The Brief — Germany’s economic consensus shifts to the left –

German economic thinking has long had a reputation for being conservative. Austerity, debt reduction and fiscal discipline are the buzzwords that many Europeans associate with Germany. However, the consensus of German economists has shifted increasingly to the left of late.

A typical example is today’s report from the so-called “five wizards of economics” – or Wirtschaftsweisen– a body of experts that advises the German government on all economic matters. The body is traditionally considered a beacon of conservative economic thought and has been frequently criticized for its neoliberal line of thinking.

However, in today’s report, they were surprisingly progressive.

The recommendation currently making the most waves in Germany is their call to raise taxes on the wealthy to fund the current crisis – a stance that has drawn much outcry from the centre-right.

CDU politician Gitta Connemann, for example, claimed in the German newspaper Handelsblatt that the plans were “unrealistic and toxic”.

Experts also attacked plans – by the government and in particular the liberal FDP party – to adjust the tax system to inflation in order to relieve citizens of higher tax rates and proposed a more flexible approach to reform EU debt rules.

While the position of Wirtschaftsweisen does not encapsulate the whole of German economic discourse, their reversal when it comes to these economic policy topics is indicative of a broader shift that is taking place.

The liberal FDP, which generally has nothing but praise for the economic assessment of the body of experts, has found itself under serious pressure to react to recommendations that run counter to almost everything the FDP stands for.

And indeed, shortly after the report was released, the FDP made it clear that it would not authorize any additional taxes in any form.

“The position of the FDP is clear: we will not charge extra. This is how we agreed in the coalition agreement,” party deputy chairman Johannes Vogel told RedaktionsNetzwerk Deutschland (RND).

When Liberal Finance Minister Christian Lindner appeared before reporters today, the first topic he broached was not the proposed reform of EU debt rules which has been published today, but its response to the Wirtschaftsweisen – another sign of the importance of their opinion for the national political discourse.

He tried to discredit their proposals and made it clear that the government would not introduce the additional taxes for high-income earners as demanded by the experts.

However, it seems that the tides of the German expert community have changed as the liberal and conservative parties are now trying to refute their own economic consensus while the Greens and the SPD are gaining support from the (traditionally conservative) expert community. ).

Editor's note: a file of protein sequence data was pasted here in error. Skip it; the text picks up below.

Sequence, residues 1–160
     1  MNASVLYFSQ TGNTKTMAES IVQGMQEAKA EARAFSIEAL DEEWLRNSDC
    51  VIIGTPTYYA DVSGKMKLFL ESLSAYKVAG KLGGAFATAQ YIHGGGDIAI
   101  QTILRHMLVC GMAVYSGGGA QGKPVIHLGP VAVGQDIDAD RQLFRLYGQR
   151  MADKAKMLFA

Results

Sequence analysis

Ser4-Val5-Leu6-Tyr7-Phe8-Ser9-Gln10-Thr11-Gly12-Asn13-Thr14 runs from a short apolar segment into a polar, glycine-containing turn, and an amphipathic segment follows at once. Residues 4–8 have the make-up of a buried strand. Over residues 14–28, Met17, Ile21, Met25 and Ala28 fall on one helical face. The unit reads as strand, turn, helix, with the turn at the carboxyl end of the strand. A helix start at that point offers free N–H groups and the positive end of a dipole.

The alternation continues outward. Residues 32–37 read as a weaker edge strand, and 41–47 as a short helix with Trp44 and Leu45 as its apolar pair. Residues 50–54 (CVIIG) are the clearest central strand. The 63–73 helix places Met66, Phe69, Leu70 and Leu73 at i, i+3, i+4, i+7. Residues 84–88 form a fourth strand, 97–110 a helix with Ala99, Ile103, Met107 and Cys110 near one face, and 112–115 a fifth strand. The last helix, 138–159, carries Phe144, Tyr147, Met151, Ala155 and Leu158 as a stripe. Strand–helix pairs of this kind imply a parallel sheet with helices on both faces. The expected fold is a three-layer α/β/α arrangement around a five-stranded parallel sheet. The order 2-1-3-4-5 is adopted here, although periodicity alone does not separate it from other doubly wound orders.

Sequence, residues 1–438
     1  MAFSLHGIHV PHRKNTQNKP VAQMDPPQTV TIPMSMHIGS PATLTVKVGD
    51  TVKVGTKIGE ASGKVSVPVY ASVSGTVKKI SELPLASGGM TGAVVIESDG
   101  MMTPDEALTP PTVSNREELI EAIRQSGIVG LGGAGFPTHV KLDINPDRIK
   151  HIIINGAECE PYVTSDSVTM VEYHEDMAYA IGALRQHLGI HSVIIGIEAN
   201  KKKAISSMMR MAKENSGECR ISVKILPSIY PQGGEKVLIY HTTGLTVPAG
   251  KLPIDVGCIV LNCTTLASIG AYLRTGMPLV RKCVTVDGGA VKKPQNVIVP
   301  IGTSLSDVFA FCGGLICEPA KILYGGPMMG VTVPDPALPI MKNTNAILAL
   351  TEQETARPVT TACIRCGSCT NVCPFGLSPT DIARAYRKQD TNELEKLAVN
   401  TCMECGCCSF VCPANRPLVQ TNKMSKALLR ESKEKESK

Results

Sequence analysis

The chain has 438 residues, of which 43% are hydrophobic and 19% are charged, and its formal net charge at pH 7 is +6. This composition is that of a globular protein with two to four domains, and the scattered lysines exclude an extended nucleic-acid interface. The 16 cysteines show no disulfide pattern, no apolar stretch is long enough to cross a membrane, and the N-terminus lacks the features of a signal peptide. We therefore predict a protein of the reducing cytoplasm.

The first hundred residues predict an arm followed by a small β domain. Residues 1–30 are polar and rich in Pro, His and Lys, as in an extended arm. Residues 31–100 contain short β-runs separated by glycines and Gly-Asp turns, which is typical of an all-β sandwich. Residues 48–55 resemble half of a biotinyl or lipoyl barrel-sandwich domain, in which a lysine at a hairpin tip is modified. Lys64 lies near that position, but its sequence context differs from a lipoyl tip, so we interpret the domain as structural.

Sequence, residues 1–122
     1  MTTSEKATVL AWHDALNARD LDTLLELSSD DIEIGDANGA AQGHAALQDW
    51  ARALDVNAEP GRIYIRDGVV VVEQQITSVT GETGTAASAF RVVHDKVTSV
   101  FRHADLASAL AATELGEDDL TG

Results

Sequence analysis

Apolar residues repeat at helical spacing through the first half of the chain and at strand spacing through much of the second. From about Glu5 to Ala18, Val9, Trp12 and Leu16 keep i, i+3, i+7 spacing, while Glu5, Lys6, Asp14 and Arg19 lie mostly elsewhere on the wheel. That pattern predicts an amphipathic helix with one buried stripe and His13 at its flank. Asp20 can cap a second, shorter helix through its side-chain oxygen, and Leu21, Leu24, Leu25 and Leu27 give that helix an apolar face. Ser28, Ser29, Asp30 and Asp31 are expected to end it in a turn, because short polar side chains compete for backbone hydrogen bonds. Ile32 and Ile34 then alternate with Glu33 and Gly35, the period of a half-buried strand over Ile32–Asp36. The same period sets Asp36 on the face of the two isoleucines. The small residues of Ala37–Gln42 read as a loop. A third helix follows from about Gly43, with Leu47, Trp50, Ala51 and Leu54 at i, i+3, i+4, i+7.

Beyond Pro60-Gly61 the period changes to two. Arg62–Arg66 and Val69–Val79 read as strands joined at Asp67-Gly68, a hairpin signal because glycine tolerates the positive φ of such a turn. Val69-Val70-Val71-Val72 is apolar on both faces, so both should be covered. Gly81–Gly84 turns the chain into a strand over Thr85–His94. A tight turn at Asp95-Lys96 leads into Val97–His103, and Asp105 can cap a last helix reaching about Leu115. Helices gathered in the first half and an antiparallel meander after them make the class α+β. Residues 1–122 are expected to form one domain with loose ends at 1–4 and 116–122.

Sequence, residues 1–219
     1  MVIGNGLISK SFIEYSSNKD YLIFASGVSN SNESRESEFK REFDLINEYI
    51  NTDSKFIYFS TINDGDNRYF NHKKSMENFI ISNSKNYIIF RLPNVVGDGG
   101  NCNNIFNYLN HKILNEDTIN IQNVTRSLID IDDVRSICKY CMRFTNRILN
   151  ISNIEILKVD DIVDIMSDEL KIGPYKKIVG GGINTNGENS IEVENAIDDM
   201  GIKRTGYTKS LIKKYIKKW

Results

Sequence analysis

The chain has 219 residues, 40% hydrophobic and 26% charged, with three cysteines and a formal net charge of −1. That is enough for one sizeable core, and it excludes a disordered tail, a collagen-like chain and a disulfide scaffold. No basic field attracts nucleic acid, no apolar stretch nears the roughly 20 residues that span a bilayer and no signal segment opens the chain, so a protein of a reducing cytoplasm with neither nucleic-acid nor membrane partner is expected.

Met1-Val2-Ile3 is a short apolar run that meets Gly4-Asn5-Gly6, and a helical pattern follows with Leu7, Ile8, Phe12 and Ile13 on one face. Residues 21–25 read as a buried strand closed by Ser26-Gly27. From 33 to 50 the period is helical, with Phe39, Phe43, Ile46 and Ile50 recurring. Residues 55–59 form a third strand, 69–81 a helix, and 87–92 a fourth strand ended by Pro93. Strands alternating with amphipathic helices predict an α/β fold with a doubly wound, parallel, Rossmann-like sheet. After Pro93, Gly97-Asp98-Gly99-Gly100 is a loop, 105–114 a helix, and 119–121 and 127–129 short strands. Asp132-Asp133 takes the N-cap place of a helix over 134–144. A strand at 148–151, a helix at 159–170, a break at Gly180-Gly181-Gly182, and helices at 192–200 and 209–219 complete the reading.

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The roundup

A Franco-German proposal for a new framework for dialogue between Kosovo and Serbia, obtained by EURACTIV, indirectly reveals, from interpretations of the text, the lack of synergy existing between the two parties to resolve the problem.

The European Commission on Wednesday presented its proposals for reforming national government debt and spending rules in the form of individual plans for each EU country, negotiated between national governments and the Commission.

The European Commission on Wednesday released details of an €18 billion economic support package to help Ukraine until 2023, which it hopes will soon be approved by EU member states. .

Longstanding criticism that Microsoft has set unfair terms for running software services, like Windows, on competitors’ cloud infrastructure could lead to an EU antitrust review following a new complaint.

At COP27 in Egypt, German Chancellor Olaf Scholz announced additional funding for the government’s global hydrogen financing instrument, H2Global, to facilitate the ramp-up of the global market.

In order to achieve its 2050 climate neutrality targets, Europe must quickly crack down on fluorinated gases, a super-heating gas used mainly in air conditioning and refrigeration but also in green technologies such as heat pumps. .

The European Commission on Wednesday signed an amendment to its initial contract with Pfizer-BioNTech after several weeks of discussions to help member states better manage their vaccine needs.

On Tuesday, left-leaning MPs in France’s National Assembly questioned the legitimacy of Energy Transition Minister Agnès Pannier-Runacher after she was accused of a conflict of interest by a journalistic investigation.

EU officials have been ordered not to hold meetings with their British counterparts unless they are strictly related to the war in Ukraine or are “legally required”.

Georgia prosecutors announced on Wednesday they had raided call centers as part of a major international investigation into a criminal gang that scammed EU citizens out of millions of euros.

Republicans made modest gains in the U.S. midterm elections, but Democrats did better than expected, leaving control of Congress and the future of President Biden’s agenda uncertain Wednesday morning.

Finally, don’t miss the latest Green Brief: the Franco-German fight against hydrogen is toxic for the EU, and the Health Brief.

Pay attention to…

  • Commission President Ursula von der Leyen travels to Moldova to meet President Maia Sandu.
  • Financial Stability Commissioner Mairead McGuinness speaks at the annual meeting of EU members of the American Chamber of Commerce to the EU.
  • Economy Commissioner Paolo Gentiloni meets Stéphane Dion, Canada’s Special Envoy to the European Union.
  • European Parliament plenary debate on the common level of cybersecurity in the EU.

The views are those of the author.

[Edited by Zoran Radosavljevic]

James R. Rhodes